Can I Recover Attorneys' Fees If the Federal Government Takes My Land
If the federal government uses its power of eminent domain to take private land for public use, the government is required to pay "just compensation" for the land that is taken. Just compensation is generally defined as the fair market value of the land. Landowners have the legal right to challenge whether the government has paid the fair market value. But, of course, litigating whether the government has met its constitutional obligation can be expensive. So, landowners often ask whether they can recover their attorneys' fees if they litigate with the government. The answer is "maybe."
Recovering attorneys' fees is NOT allowed as part of the "just compensation" constitutional requirement. In other words, the United States government is not liable for attorneys' fees under the Constitution. However, Congress passed a statute allowing some landowners to recover attorneys' fees under some circumstances. The statute in question is the Equal Access to Justice Act ("EAJA"), codified at 28 U.S.C. § 2412(d). Under the EAJA, the US government MUST pay attorneys' fees (and other litigation costs) if:
- The claimant landowner has a net worth of less than $2,000,000 at the time the lawsuit was filed and
- The claimant is the "prevailing party" in the litigation UNLESS
- The court finds that the government's position was "substantially justified" or "special circumstances make an award unjust."
Most court decisions with respect to attorneys' fees under the EAJA involve the question of what is the "prevailing party." The EAJA defines "prevailing party" as:
"... a party who obtains a final judgment (other than by settlement), exclusive of interest, the amount of which is at least as close to the highest valuation of the property involved that is attested to at trial on behalf of the property owner as it is to the highest valuation of the property involved that is attested to at trial on behalf of the Government." 28 U.S.C. § 2412(d)(2)(H).
That is a complicated legal way of saying that, to be awarded attorneys' fees, the court's determination of the fair market value of the land must be closer to the landowner's proposed value than the government's. As an example, we can look at the recent case of United States v. 269 Acres Located in Beaufort, South Carolina, 995 F. 3d 152 (US Court of Appeals, 4th Cir. 2021). In that case, the US Department of Defense took private land and its experts, at trial, valued the land taken at $937,800. By contrast, the landowners had experts testify that the value of the land taken was $9,680,580. The ultimate value determined by the court was $4,441,410. Since $4,441,410 was closer to the government's testified valuation, it was held that the landowners were NOT entitled to attorneys' fees.What About the Exception Where the Government's Valuation Is "Substantially Justified?"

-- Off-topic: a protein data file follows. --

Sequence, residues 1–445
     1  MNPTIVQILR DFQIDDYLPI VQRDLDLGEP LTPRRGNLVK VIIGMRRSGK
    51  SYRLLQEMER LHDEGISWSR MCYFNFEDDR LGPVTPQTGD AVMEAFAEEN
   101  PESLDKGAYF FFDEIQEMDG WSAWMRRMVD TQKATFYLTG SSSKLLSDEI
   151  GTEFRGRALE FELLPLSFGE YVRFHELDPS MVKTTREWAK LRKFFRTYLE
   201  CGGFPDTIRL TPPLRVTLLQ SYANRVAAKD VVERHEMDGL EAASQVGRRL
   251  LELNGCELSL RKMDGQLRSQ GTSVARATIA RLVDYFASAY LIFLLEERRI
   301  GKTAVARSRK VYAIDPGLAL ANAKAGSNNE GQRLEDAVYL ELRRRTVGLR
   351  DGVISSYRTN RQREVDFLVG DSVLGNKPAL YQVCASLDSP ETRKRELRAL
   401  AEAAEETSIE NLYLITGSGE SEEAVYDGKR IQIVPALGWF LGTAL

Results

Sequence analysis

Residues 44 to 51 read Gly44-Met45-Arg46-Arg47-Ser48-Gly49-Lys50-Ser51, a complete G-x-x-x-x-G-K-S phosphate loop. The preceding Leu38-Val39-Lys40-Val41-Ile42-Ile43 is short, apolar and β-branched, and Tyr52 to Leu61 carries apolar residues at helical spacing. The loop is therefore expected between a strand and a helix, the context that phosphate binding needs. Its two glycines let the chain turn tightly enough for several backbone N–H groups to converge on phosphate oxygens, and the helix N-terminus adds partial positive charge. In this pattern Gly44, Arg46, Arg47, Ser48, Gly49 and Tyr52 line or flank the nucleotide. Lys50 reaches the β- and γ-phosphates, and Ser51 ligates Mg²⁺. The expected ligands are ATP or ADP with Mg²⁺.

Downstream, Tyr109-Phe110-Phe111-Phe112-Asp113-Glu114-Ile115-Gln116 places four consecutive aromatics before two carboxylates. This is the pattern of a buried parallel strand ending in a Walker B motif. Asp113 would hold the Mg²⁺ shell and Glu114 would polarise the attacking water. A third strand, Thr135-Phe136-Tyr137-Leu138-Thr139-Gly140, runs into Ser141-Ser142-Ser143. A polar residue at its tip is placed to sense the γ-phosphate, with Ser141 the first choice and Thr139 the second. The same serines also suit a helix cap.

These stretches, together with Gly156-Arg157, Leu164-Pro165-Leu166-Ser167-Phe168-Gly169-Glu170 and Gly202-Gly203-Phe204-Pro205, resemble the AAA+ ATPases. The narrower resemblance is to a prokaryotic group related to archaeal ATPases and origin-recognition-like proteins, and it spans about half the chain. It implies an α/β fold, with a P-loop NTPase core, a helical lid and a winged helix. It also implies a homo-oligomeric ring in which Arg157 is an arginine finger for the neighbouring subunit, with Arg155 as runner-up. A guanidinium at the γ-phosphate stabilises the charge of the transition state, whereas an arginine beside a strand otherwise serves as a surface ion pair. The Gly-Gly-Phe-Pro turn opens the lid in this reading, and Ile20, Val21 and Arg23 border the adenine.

As listed above, it is not enough to be the "prevailing party" under the EAJA. Courts will also evaluate whether or not the government's testified valuation was "substantially justified." If a court concludes that a landowner is the "prevailing party," then the government can try and show that its position in the case was "substantially justified." Courts have defined this to mean that the government's valuation stance was "justified to a degree that could satisfy a reasonable person."
In practice, this has been interpreted in eminent domain cases to mean that a landowner's testified valuation must be substantially closer to the court's determination of the fair market value of the land. For example, in United States v. 1,378.65 Acres of Land Situate in Vernon County, 794 F.2d 1313 (US Court of Appeals, 8th Cir. 1986), the midpoint between the testified valuations was $300,000. The amount determined by the court was $325,000. Thus, the landowners were the "prevailing party." But the court held that the government's valuation was reasonable (only about 8% lower than the court's determination). As such, the government's position was "substantially justified" and the landowners were denied recovery of attorneys' fees.
However, it is not just the government's position on valuation. The whole of the government's position in the litigation is considered when evaluating whether the government's position was "substantially justified." Thus, in the case of US v. 515 GRANBY, LLC, 736 F. 3d 309 (US Court of Appeals, 4th Circuit 2013), the Court of Appeals returned the case to the trial court because it felt that the government's position on the method of valuation may not have been substantially justified.Contact Experienced Mecklenburg County Land Use / Eminent Domain Attorneys Today
For more information, and to schedule a confidential consultation with experienced and dedicated eminent domain and condemnation attorneys in Charlotte, contact Arnold & Smith, PLLC. Use our “Contact” page or give us a call at 704-370-2828. We handle land use, zoning and condemnation legal matters in federal court, in Mecklenburg County and elsewhere in North Carolina. We have offices in Charlotte, Lake Norman, and Union County.